ATHENS, Greece (AP) -- An earthquake with a preliminary magnitude of at least 5.8 struck the Greek island of Crete on Monday, killing one person and injuring several others, while damaging homes and churches and causing rock slides near the country's fourth-largest city.
The quake sent people fleeing into the streets in the city of Heraklion, and schools were evacuated. Repeated aftershocks rattled the area, adding to damage in villages near the epicenter.
"The earthquake was strong and was long in duration," Heraklion mayor Vassilis Lambrinos told private Antenna television.
The Athens Geodynamic Institute, which gave the 5.8 magnitude, said the quake struck at 9:17 a.m. (0617 GMT), with an epicenter 246 kilometers (153 miles) south southeast of the Greek capital, Athens.
"This is not an event that occurred without warning. We have seen activity in this region for several months. This was a strong earthquake, it was not under sea but under land and affecting populated areas," seismologist Gerasimos Papadopoulos said on Greece's state broadcaster ERT.
The European-Mediterranean Seismological Center and the U.S. Geological Survey put the preliminary magnitude of 6.0, with an epicenter seven kilometers (four miles) north of the village of Thrapsano. It is common for different seismological institutes to give varying magnitudes for an earthquake in the initial hours and days after an event.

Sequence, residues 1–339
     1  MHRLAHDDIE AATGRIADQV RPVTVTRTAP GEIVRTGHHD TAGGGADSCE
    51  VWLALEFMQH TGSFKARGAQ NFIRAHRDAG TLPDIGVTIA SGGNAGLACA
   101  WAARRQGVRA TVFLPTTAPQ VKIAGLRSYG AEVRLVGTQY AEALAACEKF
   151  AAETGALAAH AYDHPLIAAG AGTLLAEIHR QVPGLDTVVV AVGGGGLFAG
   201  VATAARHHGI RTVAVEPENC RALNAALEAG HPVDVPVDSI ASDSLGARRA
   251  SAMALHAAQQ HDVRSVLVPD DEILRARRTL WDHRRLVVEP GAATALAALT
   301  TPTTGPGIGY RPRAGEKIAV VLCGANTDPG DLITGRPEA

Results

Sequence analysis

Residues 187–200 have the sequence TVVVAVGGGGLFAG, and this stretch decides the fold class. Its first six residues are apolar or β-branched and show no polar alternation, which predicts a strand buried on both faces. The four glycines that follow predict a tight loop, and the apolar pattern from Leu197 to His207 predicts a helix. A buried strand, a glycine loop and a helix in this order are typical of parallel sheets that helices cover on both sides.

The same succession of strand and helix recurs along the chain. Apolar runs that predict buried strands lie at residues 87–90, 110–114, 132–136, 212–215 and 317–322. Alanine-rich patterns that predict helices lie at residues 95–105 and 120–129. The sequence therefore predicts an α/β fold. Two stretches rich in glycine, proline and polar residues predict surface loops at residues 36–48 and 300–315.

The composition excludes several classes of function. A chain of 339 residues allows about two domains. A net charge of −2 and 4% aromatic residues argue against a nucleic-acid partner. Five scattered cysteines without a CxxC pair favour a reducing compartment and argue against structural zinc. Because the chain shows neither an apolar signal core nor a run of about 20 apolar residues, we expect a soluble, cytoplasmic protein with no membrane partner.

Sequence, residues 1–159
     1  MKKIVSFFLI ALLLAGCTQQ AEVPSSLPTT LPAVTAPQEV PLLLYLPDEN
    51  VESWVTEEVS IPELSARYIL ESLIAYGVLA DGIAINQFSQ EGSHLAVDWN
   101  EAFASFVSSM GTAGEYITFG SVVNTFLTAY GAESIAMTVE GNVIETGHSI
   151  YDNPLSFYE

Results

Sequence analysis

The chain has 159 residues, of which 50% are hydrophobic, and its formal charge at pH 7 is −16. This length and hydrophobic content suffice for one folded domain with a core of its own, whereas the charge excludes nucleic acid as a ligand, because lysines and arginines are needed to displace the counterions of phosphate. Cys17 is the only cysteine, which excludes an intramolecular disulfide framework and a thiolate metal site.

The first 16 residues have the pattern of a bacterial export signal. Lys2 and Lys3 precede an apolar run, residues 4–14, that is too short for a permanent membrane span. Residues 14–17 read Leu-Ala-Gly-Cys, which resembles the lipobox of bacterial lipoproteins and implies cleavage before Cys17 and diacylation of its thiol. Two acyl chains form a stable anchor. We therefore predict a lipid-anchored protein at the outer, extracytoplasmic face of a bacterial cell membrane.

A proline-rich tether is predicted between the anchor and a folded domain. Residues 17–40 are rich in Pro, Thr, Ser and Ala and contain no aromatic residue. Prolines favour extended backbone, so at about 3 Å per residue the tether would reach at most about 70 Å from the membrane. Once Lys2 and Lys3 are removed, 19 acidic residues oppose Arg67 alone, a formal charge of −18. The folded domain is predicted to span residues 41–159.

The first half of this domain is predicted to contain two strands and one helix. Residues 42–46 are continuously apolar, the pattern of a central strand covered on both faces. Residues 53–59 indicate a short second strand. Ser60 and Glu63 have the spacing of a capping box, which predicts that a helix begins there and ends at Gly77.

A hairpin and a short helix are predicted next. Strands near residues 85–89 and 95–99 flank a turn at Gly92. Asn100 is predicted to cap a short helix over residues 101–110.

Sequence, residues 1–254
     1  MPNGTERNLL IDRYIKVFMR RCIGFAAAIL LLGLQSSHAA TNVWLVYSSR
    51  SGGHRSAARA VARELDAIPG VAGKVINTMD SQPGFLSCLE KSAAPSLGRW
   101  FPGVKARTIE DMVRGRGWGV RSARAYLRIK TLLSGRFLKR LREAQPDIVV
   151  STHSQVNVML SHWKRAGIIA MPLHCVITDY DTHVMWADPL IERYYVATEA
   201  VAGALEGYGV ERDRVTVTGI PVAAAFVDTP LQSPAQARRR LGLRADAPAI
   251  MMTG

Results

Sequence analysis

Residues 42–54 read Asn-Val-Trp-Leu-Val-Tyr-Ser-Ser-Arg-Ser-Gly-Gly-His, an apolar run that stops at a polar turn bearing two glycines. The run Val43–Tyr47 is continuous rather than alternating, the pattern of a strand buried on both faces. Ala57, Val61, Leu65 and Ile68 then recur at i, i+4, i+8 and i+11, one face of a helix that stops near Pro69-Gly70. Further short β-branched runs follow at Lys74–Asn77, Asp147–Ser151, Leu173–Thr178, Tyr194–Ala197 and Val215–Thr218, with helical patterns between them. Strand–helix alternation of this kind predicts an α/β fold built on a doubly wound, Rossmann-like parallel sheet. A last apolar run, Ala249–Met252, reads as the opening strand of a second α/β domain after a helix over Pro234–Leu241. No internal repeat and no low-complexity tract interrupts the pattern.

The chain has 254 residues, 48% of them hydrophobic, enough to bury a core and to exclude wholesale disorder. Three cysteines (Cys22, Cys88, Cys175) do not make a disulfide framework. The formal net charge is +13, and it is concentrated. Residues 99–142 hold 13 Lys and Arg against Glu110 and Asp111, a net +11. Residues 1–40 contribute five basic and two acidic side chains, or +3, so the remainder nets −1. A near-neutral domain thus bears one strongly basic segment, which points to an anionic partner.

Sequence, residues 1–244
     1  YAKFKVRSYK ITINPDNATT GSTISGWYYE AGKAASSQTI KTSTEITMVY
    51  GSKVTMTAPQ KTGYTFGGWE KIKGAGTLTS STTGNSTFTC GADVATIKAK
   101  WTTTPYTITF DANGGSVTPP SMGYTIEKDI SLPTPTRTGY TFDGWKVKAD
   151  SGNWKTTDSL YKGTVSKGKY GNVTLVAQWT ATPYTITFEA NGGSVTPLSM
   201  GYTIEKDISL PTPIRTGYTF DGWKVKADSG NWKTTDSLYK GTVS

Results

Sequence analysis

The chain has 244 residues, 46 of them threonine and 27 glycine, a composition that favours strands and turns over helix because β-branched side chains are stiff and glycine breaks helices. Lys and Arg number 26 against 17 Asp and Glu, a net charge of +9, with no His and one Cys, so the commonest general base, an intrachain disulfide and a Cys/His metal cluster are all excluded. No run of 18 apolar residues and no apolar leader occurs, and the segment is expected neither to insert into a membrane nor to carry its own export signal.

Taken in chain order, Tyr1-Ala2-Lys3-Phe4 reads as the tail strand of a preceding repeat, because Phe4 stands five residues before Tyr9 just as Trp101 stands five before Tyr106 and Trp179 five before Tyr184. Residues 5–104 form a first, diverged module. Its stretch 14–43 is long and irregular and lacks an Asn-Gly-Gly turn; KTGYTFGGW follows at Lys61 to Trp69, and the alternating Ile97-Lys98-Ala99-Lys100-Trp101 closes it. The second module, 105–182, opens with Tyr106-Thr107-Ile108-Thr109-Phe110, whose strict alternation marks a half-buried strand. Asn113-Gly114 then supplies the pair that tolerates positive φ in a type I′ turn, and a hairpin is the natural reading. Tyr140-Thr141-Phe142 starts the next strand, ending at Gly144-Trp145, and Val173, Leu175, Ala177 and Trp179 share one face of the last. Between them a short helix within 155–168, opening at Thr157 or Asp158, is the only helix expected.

Greece's Climate Crisis and Civil Protection Ministry said one person had been killed and a further nine people suffered injuries. The man who died was pulled from the rubble of a partially collapsed church in the village of Arkalochori, very close to the epicenter, authorities said.
"It appears that until now we don't have fellow citizens trapped," government spokesman Giannis Oikonomou said during a media briefing about three hours after the quake struck.
Seismologist Efthimios Lekkas, who heads Greece's Earthquake Planning and Protection Organization, said inspections of critical buildings such as schools and hospitals had already begun.
"We are urging people who live in damaged older buildings to remain outdoors. One aftershock can cause a collapse," Lekkas said from Crete. "We are talking about structures built before 1970. Structures built after 1985 are built to a higher standard that can withstand the effect of an earthquake."
Climate Crisis and Civil Protection Minister Christos Stylianides, who traveled to Crete, said measures would be taken for those who couldn't spend the night in their homes, potentially including providing rooms in hotels. Local media said hundreds of homes had been damaged.
Local officials said they had enough capacity to temporarily house 300 people in tents.
The fire department said it was flying 30 members of its disaster response units with sniffer dogs and specialized rescue equipment to Crete, while all its disaster response units and the fire department services on Crete were placed on general alert.
Numerous aftershocks struck the area, with the EMSC giving a preliminary magnitude of 4.6 for the two strongest.
International and domestic flights to Heraklion airport weren't affected by the quake, while the region's hoteliers association said there was no serious damage to any hotels in the area, which includes many popular holiday resorts.